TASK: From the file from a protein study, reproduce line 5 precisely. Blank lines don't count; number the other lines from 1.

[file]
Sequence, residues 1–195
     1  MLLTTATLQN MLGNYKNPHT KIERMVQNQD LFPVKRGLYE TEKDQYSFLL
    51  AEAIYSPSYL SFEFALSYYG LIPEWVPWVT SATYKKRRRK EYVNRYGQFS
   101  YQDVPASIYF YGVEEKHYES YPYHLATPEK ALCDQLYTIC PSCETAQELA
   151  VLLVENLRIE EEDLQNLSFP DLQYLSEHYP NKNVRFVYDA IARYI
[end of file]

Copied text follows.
   151  VLLVENLRIE EEDLQNLSFP DLQYLSEHYP NKNVRFVYDA IARYI